How to Plant Calamansi
Calamansi or calamondin (Citrofortunella microcarpa) is a citrus tree that is a cross between a mandarin and kumquat tree. It produces orange fruits only about one and half inches in diameter. The tree itself is small, only averaging 10 to 20 feet in height. Even though the calamansi tree is native to the Philippines, it is cold hardy in USDA zones 8 to 11.
Plan to plant your calamansi in an area with full sun. It can tolerate some shade, but will produce more fruit in the sun.
Prepare the planting site. Dig a hole that is about 16 inches wide and deep. Mix in about 4 to 6 inches of organic matter like peat moss or compost. This will create soil that is better draining and more rich in nutrients.
- Calamansi or calamondin (Citrofortunella microcarpa) is a citrus tree that is a cross between a mandarin and kumquat tree.
- Plan to plant your calamansi in an area with full sun.
Fill the hole back up so it is the same depth as the tree’s current container.
Take the tree out of its container. Do not pull on the trunk if possible. Instead, tap the container with a hammer to get it free.
Set the tree in the hole. Keep the soil from the container in tact. If you notice the roots have started growing around in circles, it is root bound. Therefore, cut a 1-inch deep X on the bottom and four vertical cuts on each side of the soil.
- Fill the hole back up so it is the same depth as the tree’s current container.
Fill the hole the rest of the way with the soil and pack it down with your hands to fill in any gaps of air.
Water your tree well and keep soil slightly moist for the first month while the tree becomes established. Do not over water your tree so that it is sitting in water and becomes water logged.
Calamansi, a citrus fruit tree also known as Citrfortunella microcarpa or calamondin, grows natively in the Phillipines. The calamansi tree grows up to about 25 feet tall at maturity, and it is hardy to U.S. Department of Agriculture zone 9 and above. Fill a small container with a mixture of 1/2 peat moss and 1/2 sand or perlite. Sow several seeds in the container, depending on its size, to increase the success rate. Space the seeds about 3 inches apart. Stop watering if water drips from the drainage holes. Cover the container with plastic wrap for moisture retention. Allow them to grow a few sets of leaves. Plant the calamansi seedlings individually in the containers. Taper off and stop fertilizing as winter arrives or when the tree goes dormant. The seedlings need temperatures between 60 and 70 degrees Fahrenheit to thrive. Calamansi tolerates most soils but will not grow well in heavy clay or light sand. Apply 3 to 4 inches of compost and mix it into the top 6 inches of soil. If planting multiple calamansi trees, space the holes approximately 16 1/2 feet apart. If you see pests or damage caused by them, applying a commercial pesticide usually gets rid of the problem. Signs include a gum-like substance oozing from branches, as well as distorted, crinkled leaves. Proper application of the fungicide depends on the type of fungus. Leave a piece of the stem attached to the fruit to help it stay fresh.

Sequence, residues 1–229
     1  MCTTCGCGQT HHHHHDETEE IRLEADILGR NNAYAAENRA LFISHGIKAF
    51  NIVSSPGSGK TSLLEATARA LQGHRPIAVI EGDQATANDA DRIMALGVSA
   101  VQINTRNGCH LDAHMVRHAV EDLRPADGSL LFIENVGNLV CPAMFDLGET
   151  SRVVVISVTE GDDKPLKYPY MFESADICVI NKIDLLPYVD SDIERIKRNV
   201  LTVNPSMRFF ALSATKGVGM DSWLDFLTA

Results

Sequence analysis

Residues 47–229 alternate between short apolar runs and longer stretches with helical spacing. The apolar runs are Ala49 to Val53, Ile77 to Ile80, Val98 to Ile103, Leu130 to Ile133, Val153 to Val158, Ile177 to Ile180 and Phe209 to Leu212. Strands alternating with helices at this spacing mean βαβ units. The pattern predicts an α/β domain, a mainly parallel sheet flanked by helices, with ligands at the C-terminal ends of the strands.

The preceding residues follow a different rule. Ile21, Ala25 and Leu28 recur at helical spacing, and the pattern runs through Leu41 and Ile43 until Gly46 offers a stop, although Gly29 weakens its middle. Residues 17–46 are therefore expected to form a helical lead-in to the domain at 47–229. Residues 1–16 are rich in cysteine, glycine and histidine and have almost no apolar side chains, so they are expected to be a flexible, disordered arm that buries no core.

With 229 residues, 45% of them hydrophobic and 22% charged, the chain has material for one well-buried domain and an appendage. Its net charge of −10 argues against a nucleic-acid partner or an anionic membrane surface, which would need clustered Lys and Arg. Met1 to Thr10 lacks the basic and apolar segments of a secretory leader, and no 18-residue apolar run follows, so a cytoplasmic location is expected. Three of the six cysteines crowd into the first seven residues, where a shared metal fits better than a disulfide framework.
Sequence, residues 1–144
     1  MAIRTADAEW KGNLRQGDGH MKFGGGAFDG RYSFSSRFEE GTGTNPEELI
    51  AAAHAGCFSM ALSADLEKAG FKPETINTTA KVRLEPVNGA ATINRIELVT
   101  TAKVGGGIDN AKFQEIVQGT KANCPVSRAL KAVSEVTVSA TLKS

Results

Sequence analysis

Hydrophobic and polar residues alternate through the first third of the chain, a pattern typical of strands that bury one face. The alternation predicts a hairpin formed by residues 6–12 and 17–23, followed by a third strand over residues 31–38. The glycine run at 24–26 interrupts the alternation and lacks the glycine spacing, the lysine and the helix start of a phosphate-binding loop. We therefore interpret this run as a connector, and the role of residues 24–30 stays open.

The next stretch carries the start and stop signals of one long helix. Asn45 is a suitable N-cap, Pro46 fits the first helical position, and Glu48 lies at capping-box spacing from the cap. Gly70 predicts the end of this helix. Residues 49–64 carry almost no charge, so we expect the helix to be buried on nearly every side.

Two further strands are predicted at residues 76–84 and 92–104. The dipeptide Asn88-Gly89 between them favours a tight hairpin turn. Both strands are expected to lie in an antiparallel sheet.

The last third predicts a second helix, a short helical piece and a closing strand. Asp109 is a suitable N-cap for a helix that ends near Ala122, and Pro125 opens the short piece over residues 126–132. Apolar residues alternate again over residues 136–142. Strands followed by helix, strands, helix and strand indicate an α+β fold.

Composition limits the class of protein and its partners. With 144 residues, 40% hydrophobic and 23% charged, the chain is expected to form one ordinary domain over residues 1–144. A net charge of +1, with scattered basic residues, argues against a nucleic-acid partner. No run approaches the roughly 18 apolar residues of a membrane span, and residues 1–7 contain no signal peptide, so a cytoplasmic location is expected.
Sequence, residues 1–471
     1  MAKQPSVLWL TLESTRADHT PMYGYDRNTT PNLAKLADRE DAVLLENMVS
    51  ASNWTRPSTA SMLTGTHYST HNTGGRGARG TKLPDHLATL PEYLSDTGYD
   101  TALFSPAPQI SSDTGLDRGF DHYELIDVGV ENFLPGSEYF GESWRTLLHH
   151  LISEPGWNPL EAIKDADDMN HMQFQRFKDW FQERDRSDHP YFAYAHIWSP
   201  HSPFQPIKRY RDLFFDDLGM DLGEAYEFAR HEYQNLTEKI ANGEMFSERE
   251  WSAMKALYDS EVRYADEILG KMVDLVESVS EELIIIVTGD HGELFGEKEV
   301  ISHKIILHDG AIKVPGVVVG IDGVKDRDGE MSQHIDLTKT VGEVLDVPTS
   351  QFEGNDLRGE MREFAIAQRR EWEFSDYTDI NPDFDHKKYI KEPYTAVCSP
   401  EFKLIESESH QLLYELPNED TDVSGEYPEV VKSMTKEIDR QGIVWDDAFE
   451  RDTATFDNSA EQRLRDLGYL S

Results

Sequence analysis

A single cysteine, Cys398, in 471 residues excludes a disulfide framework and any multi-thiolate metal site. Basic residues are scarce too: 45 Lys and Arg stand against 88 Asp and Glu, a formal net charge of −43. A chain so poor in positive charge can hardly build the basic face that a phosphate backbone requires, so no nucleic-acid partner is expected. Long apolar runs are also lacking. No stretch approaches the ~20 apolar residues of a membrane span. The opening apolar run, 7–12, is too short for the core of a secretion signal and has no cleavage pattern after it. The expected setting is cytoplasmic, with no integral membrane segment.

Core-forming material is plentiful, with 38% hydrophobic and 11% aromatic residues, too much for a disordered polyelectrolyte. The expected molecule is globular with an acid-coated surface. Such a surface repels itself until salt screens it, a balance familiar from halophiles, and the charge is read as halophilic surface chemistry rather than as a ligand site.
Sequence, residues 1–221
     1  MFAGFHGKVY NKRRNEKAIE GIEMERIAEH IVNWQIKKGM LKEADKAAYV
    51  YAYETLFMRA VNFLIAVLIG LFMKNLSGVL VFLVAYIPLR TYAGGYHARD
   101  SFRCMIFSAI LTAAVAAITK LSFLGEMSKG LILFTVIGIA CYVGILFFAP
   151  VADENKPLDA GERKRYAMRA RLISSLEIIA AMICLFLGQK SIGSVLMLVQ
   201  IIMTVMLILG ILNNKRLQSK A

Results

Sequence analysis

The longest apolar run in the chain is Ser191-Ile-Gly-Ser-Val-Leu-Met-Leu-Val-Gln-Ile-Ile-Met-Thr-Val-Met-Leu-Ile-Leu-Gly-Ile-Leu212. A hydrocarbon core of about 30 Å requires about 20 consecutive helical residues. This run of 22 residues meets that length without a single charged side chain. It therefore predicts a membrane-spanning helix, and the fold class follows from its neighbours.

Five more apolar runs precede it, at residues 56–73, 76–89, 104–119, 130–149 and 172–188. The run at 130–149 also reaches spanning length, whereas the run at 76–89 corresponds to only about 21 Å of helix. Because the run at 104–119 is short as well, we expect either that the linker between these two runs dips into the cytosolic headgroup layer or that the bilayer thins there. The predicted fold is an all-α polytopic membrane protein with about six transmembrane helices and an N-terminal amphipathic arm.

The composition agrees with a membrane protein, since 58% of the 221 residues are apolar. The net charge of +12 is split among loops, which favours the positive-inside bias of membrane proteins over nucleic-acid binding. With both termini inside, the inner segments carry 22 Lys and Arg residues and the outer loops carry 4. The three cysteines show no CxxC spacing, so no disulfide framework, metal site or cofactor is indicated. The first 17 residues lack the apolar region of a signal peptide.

- Fill the hole the rest of the way with the soil and pack it down with your hands to fill in any gaps of air.
- Cover the container with plastic wrap for moisture retention.
- Apply 3 to 4 inches of compost and mix it into the top 6 inches of soil.
Melissa Lewis is a former elementary classroom teacher and media specialist. She has also written for various online publications. Lewis holds a Bachelor of Arts in psychology from the University of Maryland Baltimore County.